Enneagram & Music: Carlos Santana

Today’s text will be my penultimate for this series, and the last one in which I write about a musician’s probable Enneagram type and subtype.

Part of the reasons why I’ve decided to leave Carlos Santana for last is because I know that the way I see him is considerably different from that of many students of this system.

As the guitarist (and occasional singer) of the band Santana (of which he’s been the only constant member), Carlos has always been consistent in his alignment with ideals such as harmony, peace and love — which has a lot to do with the time (late ’60s) and place (San Francisco) that his band was formed.

Add to this his overall laid-back behavior, and it’s only natural that most Enneagram enthusiasts would type him as a Nine. As I said three weeks ago, Nines are people who give a lot of importance to the acceptance of differences in search of a common ground.

But, of course, if we want to go beyond a mere speculation about anyone’s type, we need to make a real effort to consider his/her deeper motivations, and how they often become blind spots.

it’s easy to go downhill

That’s why it’s so important to consider both someone’s predominant passion according to the Enneagram and his/her predominant instinct. As Urânio Paes says:

[…] the three instinctual drives and their consequent subtypes, in a way, work as a mask for passion, which is already a mask for virtue. So, instincts are a mask of the mask.

In other words, when faced with what are perceived to be the most pressing needs of life, a person will devote most of his/her energies towards a certain sphere. And this (mostly unconscious) movement can be categorized under one of the three instincts: Self-Preservation, Sexual or Social.

So, one way to understand the 27 subtypes is to say that each of them, in the process of developing one instinct more than the others, makes the journey from personality to essence an even more laborious and challenging task than what was first imagined.

I believe such difficulties become much clearer when we shine a light on the countertypes of each of the nine types. That is, those people who tend to mask their respective passions better — or, at least, more creatively — than others of their same type.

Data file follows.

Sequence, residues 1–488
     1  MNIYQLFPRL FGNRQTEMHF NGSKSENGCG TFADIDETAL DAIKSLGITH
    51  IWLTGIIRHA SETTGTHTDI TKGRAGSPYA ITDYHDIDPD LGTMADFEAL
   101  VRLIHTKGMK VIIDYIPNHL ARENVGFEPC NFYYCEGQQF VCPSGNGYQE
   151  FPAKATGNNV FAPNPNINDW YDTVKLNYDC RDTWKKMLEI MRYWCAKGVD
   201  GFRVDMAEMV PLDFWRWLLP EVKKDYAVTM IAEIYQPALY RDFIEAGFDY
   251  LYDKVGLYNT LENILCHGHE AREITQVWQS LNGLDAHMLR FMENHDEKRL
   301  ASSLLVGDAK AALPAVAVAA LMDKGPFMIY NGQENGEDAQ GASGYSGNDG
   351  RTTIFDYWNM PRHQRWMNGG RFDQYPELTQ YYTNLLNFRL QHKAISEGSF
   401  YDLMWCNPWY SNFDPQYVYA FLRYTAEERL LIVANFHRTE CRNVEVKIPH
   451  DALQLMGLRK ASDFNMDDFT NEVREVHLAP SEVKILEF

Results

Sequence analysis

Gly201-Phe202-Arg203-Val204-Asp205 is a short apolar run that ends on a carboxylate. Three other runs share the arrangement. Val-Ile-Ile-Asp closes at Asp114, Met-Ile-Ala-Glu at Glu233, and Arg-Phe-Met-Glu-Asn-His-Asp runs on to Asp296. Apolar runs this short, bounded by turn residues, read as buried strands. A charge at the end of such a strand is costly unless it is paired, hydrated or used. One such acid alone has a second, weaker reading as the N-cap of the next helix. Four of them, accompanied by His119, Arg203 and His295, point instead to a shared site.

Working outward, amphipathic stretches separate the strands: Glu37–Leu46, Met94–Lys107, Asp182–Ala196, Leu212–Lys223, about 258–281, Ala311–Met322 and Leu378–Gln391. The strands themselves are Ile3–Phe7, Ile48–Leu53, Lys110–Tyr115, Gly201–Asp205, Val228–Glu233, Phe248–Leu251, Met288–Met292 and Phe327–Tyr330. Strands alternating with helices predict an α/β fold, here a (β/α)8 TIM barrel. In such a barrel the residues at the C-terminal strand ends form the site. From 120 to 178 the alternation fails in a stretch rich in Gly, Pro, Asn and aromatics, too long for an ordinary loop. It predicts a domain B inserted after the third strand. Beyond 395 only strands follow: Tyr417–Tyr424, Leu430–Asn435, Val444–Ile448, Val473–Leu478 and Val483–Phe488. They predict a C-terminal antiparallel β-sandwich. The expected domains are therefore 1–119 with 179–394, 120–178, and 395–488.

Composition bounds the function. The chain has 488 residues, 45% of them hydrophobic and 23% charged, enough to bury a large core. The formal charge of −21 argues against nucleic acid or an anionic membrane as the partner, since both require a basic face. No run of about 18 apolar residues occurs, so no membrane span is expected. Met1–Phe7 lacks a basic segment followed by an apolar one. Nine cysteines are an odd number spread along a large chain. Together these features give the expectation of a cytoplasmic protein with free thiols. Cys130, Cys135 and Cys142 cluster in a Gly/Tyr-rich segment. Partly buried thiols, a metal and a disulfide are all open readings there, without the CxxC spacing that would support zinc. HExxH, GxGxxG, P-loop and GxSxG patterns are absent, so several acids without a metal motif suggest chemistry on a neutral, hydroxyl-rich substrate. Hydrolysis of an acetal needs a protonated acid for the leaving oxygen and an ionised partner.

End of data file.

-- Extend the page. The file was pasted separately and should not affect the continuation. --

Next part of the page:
As you might have guessed by now, this is exactly how I see Carlos Santana in regards to the Enneagram. Because, instead of a type Nine, I believe he’s as a Social Eight.

everybody needs a helpin’ hand

In my text about Gene Simmons I said that Eights’ characteristic passion is lust. In the Enneagram, more than only sex, lust is about the gratification of desires. That is why type Eights tend to have unusual levels of intensity: they are always going for something, and they go for it with all their might.

But, as a Sexual Eight, Gene is not a countertype. It’s pretty obvious how he puts an excessive amount of energy towards what he wants, regardless of how others might feel about it. (This helps to explain why Don Richard Riso & Russ Hudson have used the term forcefulness to characterize the passion of this type).

With Carlos, however, this motivation isn’t nearly as obvious. It’s true that he’s also displayed many of the characteristic traits associated with Eights, such as a high level of confidence and even dominance. But many times these were somehow related to a greater good.

Indeed, Social Eights are extremely susceptible to what they perceive as social injustices of any kind. Consequently, as Bea Chestnut says in The Complete Enneagram, “They express lust and aggression in the service of life and other people”, much more than in a self-serving way.